Spring 2.0 and later versions offer schema based configuration that allows us to have a more expressive and concise way to specify our configuration. For example, Spring Security 1.0 configuration used to be quite hairy, but became a lot simpler with Spring 2.0.

One disadvantage is that the documentation of the namespaces is not as good as that for regular beans. For regular beans, I can have a look at Javadoc, while for the namespaces that come with Spring the documentation is not up to the same level of detail. Until a Javadoc-like tool can generate this documentation from the schemas, the best documentation is the schemas themselves.

One little problem

But ignoring that issue, I recently ran into a very practical problem with using schema based configuration in combination with a PropertyPlaceholderConfigurer.

The context of my application contained a PropertyPlaceholderConfigurer to allow it to be configured for different environments. Of course it worked like a charm for all my beans. It also worked for my Spring Security configuration, e.g. the settings for the LDAP server:
<security:ldap-server id="adLdap" url="ldap://${ldap.host}:${ldap.port}/${ldap.base.dn}"
    manager-dn="${ldap.connect.dn}" manager-password="${ldap.connect.password}" />

But it stopped working when I also wanted to make the roles the application was using configurable like this:
<security:intercept-url pattern="/remoting/**" access="${security.group.authenticated.name}" />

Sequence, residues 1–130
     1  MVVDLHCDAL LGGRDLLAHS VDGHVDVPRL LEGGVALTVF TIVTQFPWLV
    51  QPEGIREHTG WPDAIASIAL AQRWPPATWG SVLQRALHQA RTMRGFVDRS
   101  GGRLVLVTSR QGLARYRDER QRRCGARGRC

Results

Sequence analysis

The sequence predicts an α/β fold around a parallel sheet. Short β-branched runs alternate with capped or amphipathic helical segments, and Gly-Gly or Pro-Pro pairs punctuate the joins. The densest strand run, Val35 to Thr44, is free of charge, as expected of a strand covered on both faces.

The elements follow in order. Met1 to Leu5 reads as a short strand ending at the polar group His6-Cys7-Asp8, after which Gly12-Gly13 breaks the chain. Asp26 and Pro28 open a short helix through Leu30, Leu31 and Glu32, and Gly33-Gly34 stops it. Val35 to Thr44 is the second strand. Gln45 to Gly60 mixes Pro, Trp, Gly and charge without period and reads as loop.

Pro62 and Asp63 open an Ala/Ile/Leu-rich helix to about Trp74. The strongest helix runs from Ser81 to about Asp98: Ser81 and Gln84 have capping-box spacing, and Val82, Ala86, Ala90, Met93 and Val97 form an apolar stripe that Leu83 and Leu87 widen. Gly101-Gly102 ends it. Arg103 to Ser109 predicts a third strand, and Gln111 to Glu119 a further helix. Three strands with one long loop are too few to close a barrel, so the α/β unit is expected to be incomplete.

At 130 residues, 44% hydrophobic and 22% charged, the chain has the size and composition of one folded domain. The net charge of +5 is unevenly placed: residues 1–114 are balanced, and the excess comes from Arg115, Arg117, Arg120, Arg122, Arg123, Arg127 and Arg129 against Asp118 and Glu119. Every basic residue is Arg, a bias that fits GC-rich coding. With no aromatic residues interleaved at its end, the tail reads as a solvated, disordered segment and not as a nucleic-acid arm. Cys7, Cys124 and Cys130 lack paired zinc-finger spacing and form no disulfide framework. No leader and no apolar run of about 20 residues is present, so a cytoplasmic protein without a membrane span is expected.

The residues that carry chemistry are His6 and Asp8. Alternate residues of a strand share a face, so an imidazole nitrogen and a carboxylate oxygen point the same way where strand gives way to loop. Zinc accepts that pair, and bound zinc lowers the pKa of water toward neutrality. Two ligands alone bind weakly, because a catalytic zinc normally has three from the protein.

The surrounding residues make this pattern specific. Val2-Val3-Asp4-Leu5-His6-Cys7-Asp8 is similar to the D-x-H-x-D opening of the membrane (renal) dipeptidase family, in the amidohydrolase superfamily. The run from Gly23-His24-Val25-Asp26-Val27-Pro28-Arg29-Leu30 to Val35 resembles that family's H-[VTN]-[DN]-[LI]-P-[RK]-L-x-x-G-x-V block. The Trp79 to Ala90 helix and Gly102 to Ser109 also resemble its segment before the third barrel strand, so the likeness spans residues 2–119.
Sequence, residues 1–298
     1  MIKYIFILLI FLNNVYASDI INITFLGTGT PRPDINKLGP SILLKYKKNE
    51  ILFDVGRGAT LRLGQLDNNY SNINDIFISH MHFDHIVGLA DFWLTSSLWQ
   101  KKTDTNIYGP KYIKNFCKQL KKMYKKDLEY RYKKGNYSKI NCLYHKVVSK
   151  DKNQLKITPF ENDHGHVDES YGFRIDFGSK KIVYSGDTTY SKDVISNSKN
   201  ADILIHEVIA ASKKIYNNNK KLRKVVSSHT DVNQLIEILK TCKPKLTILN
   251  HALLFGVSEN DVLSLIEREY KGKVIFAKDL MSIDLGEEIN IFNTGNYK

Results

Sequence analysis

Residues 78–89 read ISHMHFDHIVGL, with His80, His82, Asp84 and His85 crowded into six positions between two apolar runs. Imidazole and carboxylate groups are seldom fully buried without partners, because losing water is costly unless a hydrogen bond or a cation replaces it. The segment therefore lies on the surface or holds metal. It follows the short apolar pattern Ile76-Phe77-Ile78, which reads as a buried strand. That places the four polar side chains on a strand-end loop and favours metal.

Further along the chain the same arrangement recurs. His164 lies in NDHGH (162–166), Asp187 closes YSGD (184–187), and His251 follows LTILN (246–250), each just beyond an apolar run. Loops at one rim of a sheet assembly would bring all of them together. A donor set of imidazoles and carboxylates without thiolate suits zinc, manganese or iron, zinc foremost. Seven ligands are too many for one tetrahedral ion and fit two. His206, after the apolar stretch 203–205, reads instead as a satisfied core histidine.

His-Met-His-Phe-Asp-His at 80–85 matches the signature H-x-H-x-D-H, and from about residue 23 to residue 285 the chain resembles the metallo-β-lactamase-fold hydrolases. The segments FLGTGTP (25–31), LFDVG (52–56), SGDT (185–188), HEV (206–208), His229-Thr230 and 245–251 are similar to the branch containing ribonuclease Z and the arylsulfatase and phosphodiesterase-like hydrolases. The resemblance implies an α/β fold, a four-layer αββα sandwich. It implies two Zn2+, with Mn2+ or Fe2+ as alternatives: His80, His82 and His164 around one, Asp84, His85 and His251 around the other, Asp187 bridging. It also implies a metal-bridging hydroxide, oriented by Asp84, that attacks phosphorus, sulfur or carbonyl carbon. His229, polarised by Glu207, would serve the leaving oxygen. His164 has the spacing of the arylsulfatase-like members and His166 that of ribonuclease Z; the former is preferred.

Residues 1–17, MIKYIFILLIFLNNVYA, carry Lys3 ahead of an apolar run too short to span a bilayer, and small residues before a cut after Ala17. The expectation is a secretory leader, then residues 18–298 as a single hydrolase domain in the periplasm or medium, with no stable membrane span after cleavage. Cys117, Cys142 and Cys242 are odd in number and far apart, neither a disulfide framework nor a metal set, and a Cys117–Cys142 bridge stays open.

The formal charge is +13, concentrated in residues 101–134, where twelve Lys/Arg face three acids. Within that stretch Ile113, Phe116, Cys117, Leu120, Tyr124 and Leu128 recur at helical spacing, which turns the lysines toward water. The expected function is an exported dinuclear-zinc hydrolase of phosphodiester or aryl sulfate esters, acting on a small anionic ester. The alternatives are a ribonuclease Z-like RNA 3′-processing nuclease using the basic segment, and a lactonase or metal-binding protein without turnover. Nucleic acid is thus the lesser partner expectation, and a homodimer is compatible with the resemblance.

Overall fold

Now I got this exception from the Spring container when it was wiring up my beans:
java.lang.IllegalArgumentException: Unsupported configuration attributes: ${security.group.authenticated.name}

Apparently this value was not being replaced!


It turned out that other people were having this problem as well, and that there's even a few bugs reported about it.

This is how I understand the problem. When an XML file is read by a XmlBeanDefinitionReader, all the XML elements that are not part fo the standard beans namespace are passed to a NamespaceHandler that then creates a bean definition that corresponds to those XML elements.

And after that all the bean definitions that have been created (both by the standard bean parsing and by the NamespaceHandlers) are processed by any BeanFactoryPostProcessors that are there. Such as the PropertyPlaceholderConfigurer.

But not all namespace handlers do it like this. In the case I bumped into, it turned out that the SecurityNamespaceHandler registers the HttpSecurityBeanDefinitionParser to handle the <http> element. And in that class the access configs are not stored in a BeanDefinition but put directly into a RequestKey object. Giving the PropertyPlaceholderConfigurer no change to change the value!

Having discovered the problem, I implemented a solution to the problem. Instead of post-processing the beans, my solution pre-processes the XML file. This has the added advantage that it works for any XML attribute value, not just property values

There are a few different ways to use my solution which I'll list below. Another good source of information on how to use these classes is the test cases in the src/test/java directory in the ZIP file.